HIMANCHAL SINGH Vs. JHAMMAN LAL
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Knox, A C J and Blair, J -
(1.) The order passed by the learned Subordinate Judge is wrong. We do not know whether his attention was or was not drawn to Section 205B of Act No. XIX of 1873. It is contended that the contracts out of which this decree issued were contracts entered into by the judgment-debtor while his property was under the superintendence of the Court of Wards. This contention was clearly placed before the learned vakil for the respondent and was not contested by him. We take it therefore that the contracts abovementioned were entered into at a time when Himanchal Singh was a ward of Court. If gentlemen of the money-lending profession will frustrate the object of the law by lending money to wards of Court, they have themselves to thank if they find that their money has been thrown away. Property while under the superintendence of the Court of Wards cannot, without the sanction of the Court, be in any way charged, nor can such property be taken in execution of a decree made in respect of contracts entered into by a ward of the Court while his property is under such superintendence. The contention that the restriction only remains in force so long as the property is under superintendence and is immediately removed the moment the superintendence ceases is not warranted by law.
(2.) To put it more clearly. Section 205B of Act No. XIX of 1873 in clear terms provides that no property which has been under the superintendence of the Court of Wards shall be liable to be taken in execution of a decree made in respect of any contract which was entered into by a disqualified person during the time while his property was under such superintendence. To limit the operation of the Section to the exact moment when the property is released from the superintendence of the Court of Wards would defeat the manifest object of the Legislature. That intention was that persons whose property was under the superintendence of the Court should not be competent to create without the sanction of the Court any charge upon such property, and that, if they did execute any document purporting to create such charge, that document should at no time have any operation quoad the property supposed to be so charged. The whole aim and object of the Legislature would be frustrated if; while the Court of Wards was building up and nursing the estate, the disqualified proprietor should be left free to destroy the work of the Court.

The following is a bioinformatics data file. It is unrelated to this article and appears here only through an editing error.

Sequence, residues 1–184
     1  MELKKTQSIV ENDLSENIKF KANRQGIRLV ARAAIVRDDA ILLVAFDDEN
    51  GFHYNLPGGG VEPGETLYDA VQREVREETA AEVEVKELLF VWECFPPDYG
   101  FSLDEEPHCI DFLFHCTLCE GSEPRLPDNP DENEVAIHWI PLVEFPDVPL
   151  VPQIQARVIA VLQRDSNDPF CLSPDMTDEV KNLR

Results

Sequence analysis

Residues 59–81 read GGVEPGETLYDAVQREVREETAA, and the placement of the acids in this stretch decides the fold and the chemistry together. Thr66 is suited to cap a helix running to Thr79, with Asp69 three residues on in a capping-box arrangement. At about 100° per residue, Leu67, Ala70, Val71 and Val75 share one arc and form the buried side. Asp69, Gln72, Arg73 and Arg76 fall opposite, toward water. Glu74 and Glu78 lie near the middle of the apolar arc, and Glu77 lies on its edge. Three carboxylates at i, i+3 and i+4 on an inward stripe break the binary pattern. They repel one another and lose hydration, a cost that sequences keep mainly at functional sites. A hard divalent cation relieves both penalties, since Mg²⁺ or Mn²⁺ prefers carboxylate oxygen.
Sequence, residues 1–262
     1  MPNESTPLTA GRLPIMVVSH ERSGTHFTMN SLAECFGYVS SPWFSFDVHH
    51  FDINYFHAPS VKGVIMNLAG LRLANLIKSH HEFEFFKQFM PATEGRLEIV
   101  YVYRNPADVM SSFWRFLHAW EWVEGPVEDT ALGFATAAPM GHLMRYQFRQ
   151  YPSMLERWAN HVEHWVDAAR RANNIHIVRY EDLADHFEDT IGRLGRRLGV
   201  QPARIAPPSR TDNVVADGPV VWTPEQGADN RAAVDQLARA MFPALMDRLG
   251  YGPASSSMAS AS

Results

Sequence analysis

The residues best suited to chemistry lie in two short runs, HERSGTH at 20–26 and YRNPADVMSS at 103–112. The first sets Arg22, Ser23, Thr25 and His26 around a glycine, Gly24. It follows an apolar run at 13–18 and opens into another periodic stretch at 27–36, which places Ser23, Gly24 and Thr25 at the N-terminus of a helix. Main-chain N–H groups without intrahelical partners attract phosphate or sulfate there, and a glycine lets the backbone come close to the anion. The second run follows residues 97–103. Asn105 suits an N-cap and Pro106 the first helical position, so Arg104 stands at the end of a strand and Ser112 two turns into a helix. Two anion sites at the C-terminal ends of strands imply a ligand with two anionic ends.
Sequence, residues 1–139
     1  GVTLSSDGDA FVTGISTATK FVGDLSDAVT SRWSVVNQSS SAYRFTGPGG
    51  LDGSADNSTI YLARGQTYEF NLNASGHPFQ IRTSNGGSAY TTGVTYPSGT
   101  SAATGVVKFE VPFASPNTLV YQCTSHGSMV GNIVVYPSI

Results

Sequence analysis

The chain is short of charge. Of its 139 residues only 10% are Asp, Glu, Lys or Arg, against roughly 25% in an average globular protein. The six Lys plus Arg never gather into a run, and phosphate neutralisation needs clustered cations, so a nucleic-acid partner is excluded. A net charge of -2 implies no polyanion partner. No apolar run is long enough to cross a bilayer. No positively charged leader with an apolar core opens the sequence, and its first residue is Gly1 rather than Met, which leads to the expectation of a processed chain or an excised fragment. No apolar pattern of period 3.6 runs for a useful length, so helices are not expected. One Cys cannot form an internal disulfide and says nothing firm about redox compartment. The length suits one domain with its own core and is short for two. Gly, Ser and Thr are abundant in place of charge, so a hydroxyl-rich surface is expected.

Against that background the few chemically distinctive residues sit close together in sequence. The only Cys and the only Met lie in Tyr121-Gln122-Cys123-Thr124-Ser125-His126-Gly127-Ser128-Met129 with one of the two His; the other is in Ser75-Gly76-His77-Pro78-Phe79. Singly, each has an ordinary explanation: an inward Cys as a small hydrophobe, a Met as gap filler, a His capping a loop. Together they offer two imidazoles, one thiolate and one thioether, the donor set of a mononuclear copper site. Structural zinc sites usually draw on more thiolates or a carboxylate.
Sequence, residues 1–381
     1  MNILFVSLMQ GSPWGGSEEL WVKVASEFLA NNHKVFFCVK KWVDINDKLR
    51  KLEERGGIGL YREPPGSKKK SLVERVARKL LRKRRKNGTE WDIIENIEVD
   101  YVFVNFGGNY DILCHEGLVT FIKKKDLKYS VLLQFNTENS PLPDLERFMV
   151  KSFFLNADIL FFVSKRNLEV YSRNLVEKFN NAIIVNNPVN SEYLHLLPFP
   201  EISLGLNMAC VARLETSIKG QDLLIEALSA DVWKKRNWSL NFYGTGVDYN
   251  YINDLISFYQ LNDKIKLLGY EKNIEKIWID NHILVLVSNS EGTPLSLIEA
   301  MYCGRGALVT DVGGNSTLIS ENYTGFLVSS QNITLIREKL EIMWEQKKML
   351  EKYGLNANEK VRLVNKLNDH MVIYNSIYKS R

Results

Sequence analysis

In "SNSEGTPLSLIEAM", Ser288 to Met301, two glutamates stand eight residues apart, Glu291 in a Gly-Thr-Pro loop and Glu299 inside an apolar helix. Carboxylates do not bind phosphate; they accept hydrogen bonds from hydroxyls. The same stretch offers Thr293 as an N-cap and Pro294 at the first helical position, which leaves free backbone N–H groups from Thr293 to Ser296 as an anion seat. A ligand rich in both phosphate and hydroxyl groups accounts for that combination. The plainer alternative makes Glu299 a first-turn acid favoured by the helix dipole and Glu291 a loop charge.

(3.) The appeal is decreed, the judgment and decree of the lower Court are set aside, and the application for execution is dismissed with costs.;
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